The averaging feature is only effective in stabilizing markets, however, if the sum of required reserve and contractual clearing balances is sufficiently high. If their sum dropped to a very low level, depositories would be at increased risk of overdrafting their accounts at Reserve Banks because of unpredictable payments out of the accounts of depository institutions late in the day. Depositories would need to hold higher levels of excess reserves at Federal Reserve Banks as a precaution against such overdrafts, and demand for these excesses would vary from day to day and be difficult to predict. For example, on days when payment flows are particularly heavy and uncertain, or when the distribution of reserves around the banking system is substantially different from normal, depositories need a higher-than-usual level of precautionary balances to reduce the risk of overdrafts. The uncertainties about how many balances depositories wish to hold in a given day would make it harder for the Federal Reserve to determine the appropriate daily quantity of balances to supply to the market to keep the federal funds rate near the target level set by the FOMC. Moreover, if the marginal demand for balances were for daily precautionary purposes, there would be less arbitrage of the funds rate by depositories across the days of a maintenance period. Thus, if the demand for balances were determined largely by daily precautionary demands for excess reserves, the funds rate could become more volatile and could diverge markedly at times from its targeted level.

Moderate levels of volatility are not a concern for monetary policy, in part because the Federal Reserve now announces the target federal funds rate, eliminating the possibility that fluctuations in the actual funds rate in the market would give misleading signals about monetary policy. A significant increase in volatility in the federal funds rate, however, would be of concern because it would affect other overnight interest rates, raising funding risks for most large banks, securities dealers, and other money market participants. Suppliers of funds to the overnight markets, including many small banks and thrifts, would face greater uncertainty about the returns they would earn, and market participants would incur additional costs in managing their funding to limit their exposure to the heightened risks.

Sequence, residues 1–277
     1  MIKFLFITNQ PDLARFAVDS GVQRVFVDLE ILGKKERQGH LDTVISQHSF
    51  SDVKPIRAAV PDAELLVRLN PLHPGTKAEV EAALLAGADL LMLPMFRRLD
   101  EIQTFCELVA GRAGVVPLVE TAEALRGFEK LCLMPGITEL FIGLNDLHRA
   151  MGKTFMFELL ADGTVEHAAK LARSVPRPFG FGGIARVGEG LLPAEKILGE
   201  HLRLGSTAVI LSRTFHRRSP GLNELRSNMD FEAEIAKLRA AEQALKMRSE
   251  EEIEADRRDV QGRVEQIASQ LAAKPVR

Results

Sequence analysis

As we have previously testified, the issue of potential volatility in the funds rate has arisen in recent years because of substantial declines in required reserve balances owing to the reserve-avoidance activities of depository institutions. Depositories have always attempted to reduce required reserve balances to a minimum, in large part because those balances earn no interest. For more than two decades, some commercial banks have done so by sweeping the reservable transaction deposits of businesses into instruments that are not subject to reserve requirements. These wholesale business sweeps not only have avoided reserve requirements, but also have allowed businesses to earn interest on instruments that are effectively equivalent to demand deposits. In recent years, developments in information systems have allowed depository institutions to sweep transaction deposits of retail customers into nonreservable accounts. These retail sweep programs use computerized systems to transfer consumer and some small business transaction deposits, which are subject to reserve requirements, into savings accounts, which are not. Largely because of such programs, required reserve balances have dropped from about $28 billion in late 1993 to around $5 billion or $6 billion today, and the spread of such programs probably has not yet fully run its course.